News > Tui Ora marks 20 years of Maori health and self determination

Tui Ora marks 20 years of Maori health and self determination

Tui Ora marks 20 years of Maori health and self determination

Last Updated: August 2018

Media release 20 August 2018

A Māori health organisation that has grown from employing a few staff to about 160, is celebrating its 20th birthday.

This week it hosts functions in Hawera and New Plymouth, with the guest speakers to be South Taranaki District Council Mayor Ross Dunlop and the Hon Willie Jackson, Minister of Employment and Associate Minister for Māori Development.

Tui Ora was established in July 1998, initially as a Māori Development Organisation (MDO) that provided ‘back office’ services to a host of small health providers.

Now the largest community provider of health and social services in Taranaki, it has remained in existence throughout a changing health landscape and the amalgamation of many small Māori providers.

Chief executive Hayden Wano says although Tui Ora began as an MDO it has evolved and gone through three different phases and business models.

It started with a vision of improving outcomes for Māori and a focus on the potential of whānau, rather than the traditional health view of ‘what is wrong with people’ and ‘how can we fix them.’

It retains this vision, although health care is becoming more complex and entrenched ways of working mean the ‘health system’ can still be difficult to change.

Nonetheless, as a pan iwi organisation - with an ownership structure representing the region’s eight iwi - Tui Ora is uniquely positioned to make a positive difference, he says.

Current Tui Ora board chair Wayne Mulligan says existing board members, management, staff and the communities around the maunga that use the many Tui Ora services can take pride in the courage and leadership of early leaders that 20 years ago said, ‘we can do things better.’

These leaders include Matua Lindsay MacLeod, Tā Ross Jansen, Kui Makere Wano, Matua Mahau Waru, Matua Te Ru Wharehoka and the many other leaders now departed.

“We must also remind ourselves of other key people who still support this kaupapa, such as Dr Tony Ruakere and Dr Diane Jones as well as early board chair Kura Denness.

He says Tui Ora will use what it has learnt from its first 20 years of building capability to go from strength to strength.

“We should plan to not only be a great service provider in Taranaki, but to be an organisation where indigenous and developing nations want to come to Taranaki to learn and share not only our past development – but more importantly our future development.”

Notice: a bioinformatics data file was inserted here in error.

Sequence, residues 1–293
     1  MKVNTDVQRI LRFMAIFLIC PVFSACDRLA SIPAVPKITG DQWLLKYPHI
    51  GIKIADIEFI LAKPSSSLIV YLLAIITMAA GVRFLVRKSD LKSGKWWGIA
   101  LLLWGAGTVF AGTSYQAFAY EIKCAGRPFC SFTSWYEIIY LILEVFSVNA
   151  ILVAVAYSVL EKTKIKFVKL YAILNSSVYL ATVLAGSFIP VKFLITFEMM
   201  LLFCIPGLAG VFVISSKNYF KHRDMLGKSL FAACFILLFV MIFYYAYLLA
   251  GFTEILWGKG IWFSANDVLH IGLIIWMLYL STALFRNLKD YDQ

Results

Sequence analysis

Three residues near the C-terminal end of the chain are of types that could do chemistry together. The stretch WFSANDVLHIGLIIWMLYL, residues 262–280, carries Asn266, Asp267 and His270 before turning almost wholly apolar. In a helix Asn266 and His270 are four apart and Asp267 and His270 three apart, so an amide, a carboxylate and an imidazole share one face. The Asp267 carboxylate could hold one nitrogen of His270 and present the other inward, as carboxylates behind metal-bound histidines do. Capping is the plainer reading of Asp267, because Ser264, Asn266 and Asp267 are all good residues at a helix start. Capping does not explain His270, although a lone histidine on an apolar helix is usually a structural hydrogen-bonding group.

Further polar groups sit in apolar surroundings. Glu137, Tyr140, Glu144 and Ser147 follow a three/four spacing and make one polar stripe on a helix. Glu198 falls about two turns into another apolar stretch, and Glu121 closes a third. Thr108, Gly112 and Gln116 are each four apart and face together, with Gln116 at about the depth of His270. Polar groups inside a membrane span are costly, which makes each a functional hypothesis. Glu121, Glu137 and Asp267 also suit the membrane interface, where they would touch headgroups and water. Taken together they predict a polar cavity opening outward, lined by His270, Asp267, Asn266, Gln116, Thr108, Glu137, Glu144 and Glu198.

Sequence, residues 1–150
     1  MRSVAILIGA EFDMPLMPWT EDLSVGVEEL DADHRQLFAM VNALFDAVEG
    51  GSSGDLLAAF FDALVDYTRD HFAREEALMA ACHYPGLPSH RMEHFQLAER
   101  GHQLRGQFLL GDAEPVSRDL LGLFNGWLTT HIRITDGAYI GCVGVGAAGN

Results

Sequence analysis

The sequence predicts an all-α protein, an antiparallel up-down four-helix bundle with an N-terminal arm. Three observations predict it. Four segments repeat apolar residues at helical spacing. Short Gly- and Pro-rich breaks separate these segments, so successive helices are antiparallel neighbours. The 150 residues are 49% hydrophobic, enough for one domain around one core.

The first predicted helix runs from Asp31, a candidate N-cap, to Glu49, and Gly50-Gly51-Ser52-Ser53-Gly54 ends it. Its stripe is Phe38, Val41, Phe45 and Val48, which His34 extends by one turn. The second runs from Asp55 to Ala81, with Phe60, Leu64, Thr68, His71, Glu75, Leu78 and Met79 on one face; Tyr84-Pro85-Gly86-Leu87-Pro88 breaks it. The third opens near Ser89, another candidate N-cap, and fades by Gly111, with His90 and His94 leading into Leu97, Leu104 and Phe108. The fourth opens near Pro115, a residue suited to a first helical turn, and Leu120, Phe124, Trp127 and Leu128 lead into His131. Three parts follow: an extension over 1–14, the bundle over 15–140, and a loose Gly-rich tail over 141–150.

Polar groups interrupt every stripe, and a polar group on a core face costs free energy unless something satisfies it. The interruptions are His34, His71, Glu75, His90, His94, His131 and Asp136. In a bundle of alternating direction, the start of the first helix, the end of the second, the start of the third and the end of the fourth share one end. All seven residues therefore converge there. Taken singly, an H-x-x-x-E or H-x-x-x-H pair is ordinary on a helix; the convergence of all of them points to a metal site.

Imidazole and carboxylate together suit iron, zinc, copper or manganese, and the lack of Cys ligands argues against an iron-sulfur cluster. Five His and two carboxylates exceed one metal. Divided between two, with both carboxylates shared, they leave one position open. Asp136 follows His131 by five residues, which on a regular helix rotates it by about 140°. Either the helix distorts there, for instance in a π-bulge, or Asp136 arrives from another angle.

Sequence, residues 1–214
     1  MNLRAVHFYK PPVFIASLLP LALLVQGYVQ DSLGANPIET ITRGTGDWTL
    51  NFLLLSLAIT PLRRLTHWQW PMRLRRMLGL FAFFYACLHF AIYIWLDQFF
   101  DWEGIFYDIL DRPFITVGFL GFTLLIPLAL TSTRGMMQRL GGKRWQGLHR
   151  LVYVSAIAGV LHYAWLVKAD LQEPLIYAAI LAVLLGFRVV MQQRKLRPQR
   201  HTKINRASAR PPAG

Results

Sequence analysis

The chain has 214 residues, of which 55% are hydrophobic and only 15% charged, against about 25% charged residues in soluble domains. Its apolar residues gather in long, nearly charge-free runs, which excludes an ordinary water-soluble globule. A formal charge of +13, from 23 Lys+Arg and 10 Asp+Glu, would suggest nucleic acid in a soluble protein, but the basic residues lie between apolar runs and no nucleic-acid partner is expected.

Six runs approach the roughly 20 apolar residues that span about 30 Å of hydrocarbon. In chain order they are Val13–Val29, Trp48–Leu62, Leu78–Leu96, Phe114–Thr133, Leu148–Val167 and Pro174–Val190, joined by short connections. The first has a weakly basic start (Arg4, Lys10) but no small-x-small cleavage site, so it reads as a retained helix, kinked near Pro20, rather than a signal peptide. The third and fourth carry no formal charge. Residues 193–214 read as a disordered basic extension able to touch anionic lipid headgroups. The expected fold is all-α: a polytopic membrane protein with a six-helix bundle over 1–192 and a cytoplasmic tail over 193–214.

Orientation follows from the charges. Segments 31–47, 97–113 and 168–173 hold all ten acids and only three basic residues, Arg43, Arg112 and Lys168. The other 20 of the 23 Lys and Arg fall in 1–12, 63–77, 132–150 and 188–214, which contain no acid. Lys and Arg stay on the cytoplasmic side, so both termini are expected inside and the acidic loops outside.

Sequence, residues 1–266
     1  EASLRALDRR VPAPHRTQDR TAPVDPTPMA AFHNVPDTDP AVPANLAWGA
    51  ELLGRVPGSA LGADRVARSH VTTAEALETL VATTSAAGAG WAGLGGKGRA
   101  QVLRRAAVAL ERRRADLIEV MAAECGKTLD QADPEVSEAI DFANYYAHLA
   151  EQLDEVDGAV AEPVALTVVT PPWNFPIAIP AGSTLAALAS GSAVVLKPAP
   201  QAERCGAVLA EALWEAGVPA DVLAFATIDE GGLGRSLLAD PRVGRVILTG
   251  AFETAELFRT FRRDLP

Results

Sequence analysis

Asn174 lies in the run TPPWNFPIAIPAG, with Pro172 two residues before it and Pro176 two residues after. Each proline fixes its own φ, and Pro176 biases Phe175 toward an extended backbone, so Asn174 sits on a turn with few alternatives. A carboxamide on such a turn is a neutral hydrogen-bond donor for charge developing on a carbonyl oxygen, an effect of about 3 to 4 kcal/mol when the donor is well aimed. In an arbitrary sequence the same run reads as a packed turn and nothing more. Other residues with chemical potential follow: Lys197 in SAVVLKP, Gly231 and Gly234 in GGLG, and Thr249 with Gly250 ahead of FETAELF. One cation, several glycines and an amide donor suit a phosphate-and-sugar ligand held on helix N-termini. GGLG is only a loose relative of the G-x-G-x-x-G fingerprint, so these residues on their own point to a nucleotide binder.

New Plymouth lawyer Allen Mazengarb has been with Tui Ora right from the start.

In 1998 he was called upon to provide structural advice to iwi and Māori health providers with the aim of gaining a consensus on a way forward for Māori health in Taranaki.

“Working with Tui Ora has been a fabulous experience. They seek advice, and listen to advice but challenge it too”.

“When you look back at how the organisation has developed from a few employees in a back room to what it is today, it’s quite remarkable.”

Allen describes the early days as challenging:

“The aim was to build a unified body that would promote and improve health for Māori. It wasn’t always easy getting everyone on the same page but personally I feel very proud of what’s been achieved.”

Lindsay MacLeod was one of the longest serving members of the Tui Ora Board, from 1999 to 2011, as well as being a Māori identity in North Taranaki.

His widow Marion MacLeod says: “He believed the concept of Tui Ora as a kaupapa Māori organisation was one that could help not only Māori people but all people.

“He felt quite proud to be part of the concept and ideals of Tui Ora.”

His own experience at Taranaki Base Hospital shaped his desire to help others overcome prejudice, as did the poor health of some of his relatives who suffered from diabetes and heart problems.

Information for media wishing to attend Tui Ora celebrations

Wednesday August 22 - Afternoon tea at South Taranaki District Council Community Lounge, from 3pm. Ex-staff, current staff, board members and invited dignitaries. . Guest speaker South Taranaki District Council Mayor Ross Dunlop.

Thursday August 23 – Afternoon tea at Muru Raupatu marae, 113/231 Te Arei Rd E, Sentry Hill 4373, from 2.30-4.30pm. Ex-staff, current staff, board members and invited dignitaries. Guest speaker Hon Willie Jackson, Minister of Employment and Associate Minister for Māori Development.

For further comment contact:

CEO Hayden Wano, or 06 759 4064, 027 443 4238

Board chairman Wayne Mulligan,

For queries about the events contact:, 06 759 4064 or 027 351 6803

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